However, the judge said that while the woman was very upset that someone would do this twice on a bus packed with people, including young children, she would be even more upset to learn now if she were in court that the accused was a convicted sex offender who had served ten years in jail.
“How do you think she will feel? She will be extremely frightened. And he did it two days in a row. I’m sure there were others who saw him and didn’t want to get involved.
“This lady was on the bus on her way to work, so she has been terrified and discommoded by this man and she was upset too because there were young children on the bus,” Judge Fahy said, referring to the woman’s impact statement.
Mr Traynor asked the court to consider linking her client in with the probation service on his release from any sentence the court would be imposing.
Noting there were going to be changes made to the Sex Offenders Register legislation as it was not easy to monitor at present, Judge Fahy said Rooney should have been totally compliant, having served ten years in prison and in the circumstances, she said, she was imposing six months in prison for that offence.
She imposed a consecutive four-month prison term for the exposure offence committed on the bus on June 1. A further four-month term was imposed for the offence committed on May 31, which was suspended for two years on condition Rooney link in with the probation service for six months of his release from prison.
Galway ‘masterplan’ needed to tackle housing and transport crises
From the Galway City Tribune – An impassioned plea for a ‘masterplan’ that would guide Galway City into the future has been made in the Dáil. Galway West TD Catherine Connolly stated this week that there needed to be an all-inclusive approach with “vision and leadership” in order to build a sustainable city.
Deputy Connolly spoke at length at the crisis surrounding traffic and housing in Galway city and said that not all of the blame could be laid at the door of the local authority.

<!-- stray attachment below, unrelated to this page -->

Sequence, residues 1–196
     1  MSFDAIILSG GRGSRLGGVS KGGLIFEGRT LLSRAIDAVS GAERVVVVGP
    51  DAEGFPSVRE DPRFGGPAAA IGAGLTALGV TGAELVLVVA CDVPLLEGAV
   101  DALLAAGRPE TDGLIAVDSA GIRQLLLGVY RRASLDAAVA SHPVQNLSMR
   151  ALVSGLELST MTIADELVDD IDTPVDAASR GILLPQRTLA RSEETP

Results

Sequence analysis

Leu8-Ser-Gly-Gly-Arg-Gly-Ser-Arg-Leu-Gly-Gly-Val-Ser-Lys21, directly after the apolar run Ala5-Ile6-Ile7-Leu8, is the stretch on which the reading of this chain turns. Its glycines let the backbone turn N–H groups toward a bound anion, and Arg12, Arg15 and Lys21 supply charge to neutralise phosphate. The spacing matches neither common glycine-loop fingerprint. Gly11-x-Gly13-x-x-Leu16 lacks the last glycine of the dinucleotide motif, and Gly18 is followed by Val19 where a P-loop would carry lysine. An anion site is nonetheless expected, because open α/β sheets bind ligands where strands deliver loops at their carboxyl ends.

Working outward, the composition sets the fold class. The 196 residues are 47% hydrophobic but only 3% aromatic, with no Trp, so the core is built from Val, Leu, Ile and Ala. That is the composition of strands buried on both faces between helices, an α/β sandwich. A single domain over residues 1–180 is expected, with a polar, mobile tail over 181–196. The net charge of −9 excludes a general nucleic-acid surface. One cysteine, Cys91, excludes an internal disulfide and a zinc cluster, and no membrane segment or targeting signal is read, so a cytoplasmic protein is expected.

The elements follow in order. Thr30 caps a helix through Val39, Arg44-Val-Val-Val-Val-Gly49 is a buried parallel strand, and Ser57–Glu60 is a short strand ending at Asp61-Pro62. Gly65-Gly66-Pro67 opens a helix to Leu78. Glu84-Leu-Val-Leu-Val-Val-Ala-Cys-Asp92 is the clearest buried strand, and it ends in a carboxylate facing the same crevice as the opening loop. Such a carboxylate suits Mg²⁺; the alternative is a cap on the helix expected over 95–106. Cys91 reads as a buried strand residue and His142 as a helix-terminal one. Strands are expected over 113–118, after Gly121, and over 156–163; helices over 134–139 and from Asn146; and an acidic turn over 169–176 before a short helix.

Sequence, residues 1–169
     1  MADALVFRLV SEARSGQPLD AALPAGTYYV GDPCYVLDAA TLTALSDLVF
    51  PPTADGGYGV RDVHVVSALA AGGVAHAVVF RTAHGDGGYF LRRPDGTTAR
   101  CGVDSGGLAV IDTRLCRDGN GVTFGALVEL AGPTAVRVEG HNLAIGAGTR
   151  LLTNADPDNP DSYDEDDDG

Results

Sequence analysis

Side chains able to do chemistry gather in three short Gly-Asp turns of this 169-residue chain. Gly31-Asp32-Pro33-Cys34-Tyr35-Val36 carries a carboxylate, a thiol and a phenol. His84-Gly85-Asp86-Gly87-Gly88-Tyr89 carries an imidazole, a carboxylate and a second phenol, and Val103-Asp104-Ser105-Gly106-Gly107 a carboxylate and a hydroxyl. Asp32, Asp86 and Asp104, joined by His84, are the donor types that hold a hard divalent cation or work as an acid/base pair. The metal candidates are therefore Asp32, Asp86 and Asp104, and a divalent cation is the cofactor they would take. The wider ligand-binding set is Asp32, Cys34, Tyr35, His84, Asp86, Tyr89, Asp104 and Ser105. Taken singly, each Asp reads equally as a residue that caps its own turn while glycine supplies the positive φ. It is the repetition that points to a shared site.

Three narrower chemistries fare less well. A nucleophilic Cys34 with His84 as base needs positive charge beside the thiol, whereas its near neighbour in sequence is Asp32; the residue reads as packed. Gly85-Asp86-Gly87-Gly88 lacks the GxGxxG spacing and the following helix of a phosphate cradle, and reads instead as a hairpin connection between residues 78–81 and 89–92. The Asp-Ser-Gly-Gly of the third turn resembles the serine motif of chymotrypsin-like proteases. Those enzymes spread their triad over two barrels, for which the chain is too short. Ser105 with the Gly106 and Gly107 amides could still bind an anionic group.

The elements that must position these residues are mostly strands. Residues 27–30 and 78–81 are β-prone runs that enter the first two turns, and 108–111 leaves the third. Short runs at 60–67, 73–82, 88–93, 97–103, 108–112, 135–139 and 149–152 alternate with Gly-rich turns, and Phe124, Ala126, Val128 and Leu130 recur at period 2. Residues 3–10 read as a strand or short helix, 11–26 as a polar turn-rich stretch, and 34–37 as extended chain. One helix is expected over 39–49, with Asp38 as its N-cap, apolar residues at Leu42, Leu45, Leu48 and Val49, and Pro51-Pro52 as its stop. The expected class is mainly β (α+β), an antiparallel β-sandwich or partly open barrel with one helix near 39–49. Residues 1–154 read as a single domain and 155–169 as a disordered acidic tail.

She said that her preference would be the provision of light rail as the main form of public transport, but that this would have to be driven by the government.
“I sat on the local council for 17 years and despaired at all of the solutions going down one road, metaphorically and literally. In 2005 we put Park & Ride into the development plan, but that has not been rolled out. A 2016 transport strategy was outdated at the time and still has not been updated.
“Due to the housing crisis in the city, a task force was set up in 2019. Not a single report or analysis has been published on the cause of the crisis,” added Deputy Connolly.
She then referred to a report from the Land Development Agency (LDA) that identified lands suitable for the provision of housing. But she said that two-thirds of these had significant problems and a large portion was in Merlin Park University Hospital which, she said, would never have housing built on it.
In response, Minister Simon Harris spoke of the continuing job investment in the city and also in higher education, which is his portfolio.
But turning his attention to traffic congestion, he accepted that there were “real issues” when it came to transport, mobility and accessibility around Galway.
“We share the view that we need a Park & Ride facility and I understand there are also Bus Connects plans.
“I also suggest that the City Council reflect on her comments. I am proud to be in a Government that is providing unparalleled levels of investment to local authorities and unparalleled opportunities for local authorities to draw down,” he said.
Then Minister Harris referred to the controversial Galway City Outer Ring Road which he said was “struck down by An Bord Pleanála”, despite a lot of energy having been put into that project.
However, Deputy Connolly picked up on this and pointed out that An Bord Pleanála did not say ‘No’ to the ring road.
“The High Court said ‘No’ to the ring road because An Bord Pleanála acknowledged it failed utterly to consider climate change and our climate change obligations.
“That tells us something about An Bord Pleanála and the management that submitted such a plan.”
In the end, Minister Harris agreed that there needed to be a masterplan for Galway City.